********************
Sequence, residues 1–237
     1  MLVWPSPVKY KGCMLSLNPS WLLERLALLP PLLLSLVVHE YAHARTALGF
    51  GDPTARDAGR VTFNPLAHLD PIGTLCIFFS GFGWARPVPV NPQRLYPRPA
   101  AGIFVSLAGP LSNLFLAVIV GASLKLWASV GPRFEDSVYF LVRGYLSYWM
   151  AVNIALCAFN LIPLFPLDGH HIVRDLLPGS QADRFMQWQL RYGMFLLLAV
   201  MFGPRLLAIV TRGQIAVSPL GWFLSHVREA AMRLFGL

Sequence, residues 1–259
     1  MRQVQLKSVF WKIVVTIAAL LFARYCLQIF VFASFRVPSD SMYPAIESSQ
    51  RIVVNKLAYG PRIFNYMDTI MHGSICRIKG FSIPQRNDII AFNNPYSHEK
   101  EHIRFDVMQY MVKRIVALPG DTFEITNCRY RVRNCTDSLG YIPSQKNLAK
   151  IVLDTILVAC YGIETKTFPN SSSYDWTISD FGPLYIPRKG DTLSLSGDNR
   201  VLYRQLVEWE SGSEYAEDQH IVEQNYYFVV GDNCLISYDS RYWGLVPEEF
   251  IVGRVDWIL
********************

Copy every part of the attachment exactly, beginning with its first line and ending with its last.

Sequence, residues 1–237
     1  MLVWPSPVKY KGCMLSLNPS WLLERLALLP PLLLSLVVHE YAHARTALGF
    51  GDPTARDAGR VTFNPLAHLD PIGTLCIFFS GFGWARPVPV NPQRLYPRPA
   101  AGIFVSLAGP LSNLFLAVIV GASLKLWASV GPRFEDSVYF LVRGYLSYWM
   151  AVNIALCAFN LIPLFPLDGH HIVRDLLPGS QADRFMQWQL RYGMFLLLAV
   201  MFGPRLLAIV TRGQIAVSPL GWFLSHVREA AMRLFGL

Sequence, residues 1–259
     1  MRQVQLKSVF WKIVVTIAAL LFARYCLQIF VFASFRVPSD SMYPAIESSQ
    51  RIVVNKLAYG PRIFNYMDTI MHGSICRIKG FSIPQRNDII AFNNPYSHEK
   101  EHIRFDVMQY MVKRIVALPG DTFEITNCRY RVRNCTDSLG YIPSQKNLAK
   151  IVLDTILVAC YGIETKTFPN SSSYDWTISD FGPLYIPRKG DTLSLSGDNR
   201  VLYRQLVEWE SGSEYAEDQH IVEQNYYFVV GDNCLISYDS RYWGLVPEEF
   251  IVGRVDWIL